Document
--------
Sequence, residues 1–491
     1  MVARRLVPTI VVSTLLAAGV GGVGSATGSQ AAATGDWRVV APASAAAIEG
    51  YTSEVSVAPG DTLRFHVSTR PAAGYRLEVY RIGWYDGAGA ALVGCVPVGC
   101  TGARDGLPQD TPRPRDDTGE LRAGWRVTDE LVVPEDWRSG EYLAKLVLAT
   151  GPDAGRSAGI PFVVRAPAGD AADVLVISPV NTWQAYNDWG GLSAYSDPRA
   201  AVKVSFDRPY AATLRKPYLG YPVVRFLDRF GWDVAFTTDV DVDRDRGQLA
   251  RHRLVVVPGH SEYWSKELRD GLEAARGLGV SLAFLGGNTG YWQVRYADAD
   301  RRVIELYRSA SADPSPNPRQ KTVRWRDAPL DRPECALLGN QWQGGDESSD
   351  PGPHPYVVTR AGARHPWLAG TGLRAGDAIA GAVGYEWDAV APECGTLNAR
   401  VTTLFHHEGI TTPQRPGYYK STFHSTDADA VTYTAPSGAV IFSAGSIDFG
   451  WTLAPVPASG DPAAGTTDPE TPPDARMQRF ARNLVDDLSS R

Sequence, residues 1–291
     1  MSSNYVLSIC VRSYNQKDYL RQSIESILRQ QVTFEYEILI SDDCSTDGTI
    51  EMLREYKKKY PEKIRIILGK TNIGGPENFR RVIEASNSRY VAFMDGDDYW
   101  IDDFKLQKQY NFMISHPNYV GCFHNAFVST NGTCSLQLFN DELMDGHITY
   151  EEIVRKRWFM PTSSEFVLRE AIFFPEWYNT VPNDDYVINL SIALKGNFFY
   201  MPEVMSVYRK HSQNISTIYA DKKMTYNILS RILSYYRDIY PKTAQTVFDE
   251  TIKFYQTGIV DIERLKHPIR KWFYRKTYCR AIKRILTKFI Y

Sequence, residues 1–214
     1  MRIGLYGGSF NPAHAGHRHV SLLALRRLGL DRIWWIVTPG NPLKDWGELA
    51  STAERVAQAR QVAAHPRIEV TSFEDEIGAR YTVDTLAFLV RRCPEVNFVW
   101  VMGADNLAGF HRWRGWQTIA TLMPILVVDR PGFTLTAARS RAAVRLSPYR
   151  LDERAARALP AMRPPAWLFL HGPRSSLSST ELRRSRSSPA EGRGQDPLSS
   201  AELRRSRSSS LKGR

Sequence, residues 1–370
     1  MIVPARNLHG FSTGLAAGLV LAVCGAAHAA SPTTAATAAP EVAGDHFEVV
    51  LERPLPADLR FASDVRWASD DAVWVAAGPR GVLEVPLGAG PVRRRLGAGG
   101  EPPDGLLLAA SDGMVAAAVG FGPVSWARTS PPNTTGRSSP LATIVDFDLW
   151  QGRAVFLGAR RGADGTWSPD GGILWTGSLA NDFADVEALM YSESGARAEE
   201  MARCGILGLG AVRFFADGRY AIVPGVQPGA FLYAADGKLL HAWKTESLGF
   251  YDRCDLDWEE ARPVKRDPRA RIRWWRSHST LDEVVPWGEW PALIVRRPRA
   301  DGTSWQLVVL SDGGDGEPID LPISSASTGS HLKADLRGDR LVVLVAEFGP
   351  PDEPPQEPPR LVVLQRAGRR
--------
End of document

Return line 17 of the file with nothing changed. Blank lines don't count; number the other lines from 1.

   201  MPEVMSVYRK HSQNISTIYA DKKMTYNILS RILSYYRDIY PKTAQTVFDE